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Designing hearing enhancing wearables with Nick Morgan-Jones

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Tina Ličková Tina Ličková
•  29.08.2023
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Nick Morgan-Jones is a Senior Product Designer based in Berlin, experienced in solving design challenges for startups, consultancies, agencies, and corporates.

Introducing UX Research Geeks, a podcast diving into the world of UX research. In this first episode, we explore Nick’s journey of creating Decibels, hearing enhancing wearables that challenge social stigma and revolutionize communication for the hearing loss community.

Episode highlights

  • 00:03:38 – Understanding Societal Stigma and Hearing Aids
  • 00:07:09 – Redefining Hearing Aid Perception
  • 00:17:45 – Gathering Real World Feedback
  • 00:24:58 – Evolution of the Design Process
  • 00:31:09 – Changing the Perception of Hearing Technology
  • 00:38:23 – Transitioning from designer to founder

About our guest Nick Morgan-Jones

Meet Nick Morgan-Jones, a seasoned Senior Product Designer based in Berlin. Originally from the UK, Nick relocated to Germany in 2014 and has extensive experience in startups, consultancies, agencies, and corporates. With a knack for pragmatic design and problem-solving, Nick’s current focus is on his project, Overtone, formerly known as Decibels, aimed at making hearing-enhancing technology accessible and appealing. Join us in our latest podcast episode as Nick shares his journey, challenges societal norms, and discusses his innovative design research approach. Learn more about Nick on his website,or connect with him on LinkedIn.

The weird thing was, when I wasn't wearing hearing aids, I was the disabled kid. But when I was wearing them, I looked like the disabled kid, at least in my eyes.

Nick Morgan-Jones, Senior Product Designer
Nick Morgan-Jones, Senior Product Designer

Podcast transcript

[00:00:00] Tina:

Hello and welcome to UX Research Geeks. I’m your host Tina Ličková, a researcher and a strategist, and this podcast is brought to you by UXtweak, an all-in-one UX research tool.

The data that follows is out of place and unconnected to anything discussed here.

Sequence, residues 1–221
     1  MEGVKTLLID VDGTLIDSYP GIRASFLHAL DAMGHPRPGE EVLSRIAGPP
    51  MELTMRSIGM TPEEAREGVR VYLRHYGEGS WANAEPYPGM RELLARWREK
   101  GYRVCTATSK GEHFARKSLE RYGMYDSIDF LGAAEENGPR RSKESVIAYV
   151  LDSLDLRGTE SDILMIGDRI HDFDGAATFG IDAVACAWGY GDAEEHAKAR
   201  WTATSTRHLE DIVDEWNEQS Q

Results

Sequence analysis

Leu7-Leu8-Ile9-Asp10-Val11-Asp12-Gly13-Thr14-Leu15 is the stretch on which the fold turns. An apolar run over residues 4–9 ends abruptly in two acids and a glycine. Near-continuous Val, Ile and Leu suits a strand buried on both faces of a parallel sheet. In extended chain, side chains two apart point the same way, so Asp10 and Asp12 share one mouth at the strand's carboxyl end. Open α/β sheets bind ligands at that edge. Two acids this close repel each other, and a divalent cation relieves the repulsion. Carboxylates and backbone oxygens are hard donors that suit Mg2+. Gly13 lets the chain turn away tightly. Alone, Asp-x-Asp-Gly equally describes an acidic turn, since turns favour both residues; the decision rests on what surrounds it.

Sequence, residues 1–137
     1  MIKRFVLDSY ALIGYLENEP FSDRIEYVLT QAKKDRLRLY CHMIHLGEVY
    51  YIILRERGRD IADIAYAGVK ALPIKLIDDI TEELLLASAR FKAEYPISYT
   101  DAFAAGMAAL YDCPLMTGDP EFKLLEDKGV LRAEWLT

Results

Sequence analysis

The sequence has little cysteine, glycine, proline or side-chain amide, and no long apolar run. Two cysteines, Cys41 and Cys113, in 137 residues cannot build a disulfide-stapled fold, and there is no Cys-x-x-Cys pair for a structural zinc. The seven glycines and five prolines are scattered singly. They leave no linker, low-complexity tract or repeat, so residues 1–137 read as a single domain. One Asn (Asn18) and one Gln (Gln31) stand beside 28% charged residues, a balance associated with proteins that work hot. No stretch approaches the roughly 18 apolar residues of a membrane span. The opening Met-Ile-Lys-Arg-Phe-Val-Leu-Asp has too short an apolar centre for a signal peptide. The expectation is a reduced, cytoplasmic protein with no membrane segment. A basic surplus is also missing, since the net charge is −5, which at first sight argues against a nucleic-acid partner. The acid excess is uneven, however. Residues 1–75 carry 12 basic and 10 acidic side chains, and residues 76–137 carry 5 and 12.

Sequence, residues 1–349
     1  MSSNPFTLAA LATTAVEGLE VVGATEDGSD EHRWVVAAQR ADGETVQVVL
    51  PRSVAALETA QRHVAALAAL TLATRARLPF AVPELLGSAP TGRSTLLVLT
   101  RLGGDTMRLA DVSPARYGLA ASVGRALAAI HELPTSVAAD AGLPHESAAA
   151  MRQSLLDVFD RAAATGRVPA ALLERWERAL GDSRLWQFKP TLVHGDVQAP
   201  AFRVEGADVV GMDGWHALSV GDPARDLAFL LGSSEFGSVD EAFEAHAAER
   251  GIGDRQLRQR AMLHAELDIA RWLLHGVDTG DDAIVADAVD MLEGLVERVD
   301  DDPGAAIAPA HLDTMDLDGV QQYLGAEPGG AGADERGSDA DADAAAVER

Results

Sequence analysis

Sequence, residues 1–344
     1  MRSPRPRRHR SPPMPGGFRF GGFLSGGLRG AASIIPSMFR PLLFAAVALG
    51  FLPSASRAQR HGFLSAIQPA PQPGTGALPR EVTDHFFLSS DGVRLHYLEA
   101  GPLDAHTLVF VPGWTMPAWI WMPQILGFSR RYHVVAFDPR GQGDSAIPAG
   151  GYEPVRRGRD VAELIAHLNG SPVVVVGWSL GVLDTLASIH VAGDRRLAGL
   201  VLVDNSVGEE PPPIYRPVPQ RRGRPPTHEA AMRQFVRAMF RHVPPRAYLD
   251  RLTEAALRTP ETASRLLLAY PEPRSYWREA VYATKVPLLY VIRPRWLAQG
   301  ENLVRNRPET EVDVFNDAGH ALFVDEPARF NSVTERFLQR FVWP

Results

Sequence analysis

This is the first episode of UX Research Geeks. We spoke to Nick, who is in his own words, the junior CEO of decibels hearing enhancing wearables for people who don’t wanna wear hearing aids. And as someone with hearing loss and a background in UX and UI design, this is a personally fueled project with a vision to create a solution for the wider hearing loss community too.

In this episode, you can listen to his personal as well as start-up founder’s story and the way he approached design research in the streets of Berlin.


Hello Nick, this is Tina speaking the host of UX Research Geeks, and we have Nick Morgan Jones with us. I was thinking, I came across your profile somewhere on Instagram, I don’t know, two or three years ago, and I was totally fascinated by the fact that a guy – somebody on Instagram is trying to figure out hearing aids because I have a deaf brother, so I could understand what a pain in the ass it is. But then I started to research who you are and if anybody stumbles across your profiles or across you and your videos, what would you say to them who you are? What are you trying to do? Why hear it?

[00:01:41] Nick: Thank you. Hi. Yeah, so my name’s Nick and I am working on a project called Decibels. And this is designing, hearing enhancing wearables for people who don’t want to wear hearing aids. This is like a really personal project for me, so I’ve grown up needing hearing aids. I think I found out when I was like 10 years old that I needed hearing aids and I didn’t wear hearing aids for the first 10 years up until the age of 1920 – because I just didn’t want to be someone who wears hearing aids. I was at school and I did not wanna be the kid at school wearing hearing aids.

I actually wanted to make friends, so I decided not to wear my hearing aids. But that was at the expense of being able to hear people. And I could get by without hearing aids, but honestly, today I have no idea how I did it. It’s like now that I do wear hearing aids. I have done for the last nine years, eight, nine years I realized just how transformative this technology is for my ability to communicate with people and that my social inhibitions and my reasons to not wear hearing aids were pointless in many ways. But they were the reasons why I didn’t wear it.

So the social stigma that’s attached to wearing hearing aids prevented me from wearing hearing aids and prevented so many other people from wearing hearing aids as well. So that’s what I really want to tackle, the social stigma attached with hearing loss. And I think that can be done through design.

[00:03:13] Tina: And let me get a little bit deeper into the reasons why you didn’t wanna wear it. I think I know the reasons, but I am also not having a hearing loss or hearing disability. I observed my brother because it just looked like you said you’re a kid and it’s huge or whatever, but what about your reasons? Was it aesthetic or if you could get into this one?

[00:03:38] Nick: Yeah, so I think a lot of it comes down to people’s preconceptions of what it means to wear certain things. I think we make decisions with everything that we wear, like clothes, jewelry, hearing aids and others based on how we want other people to see us.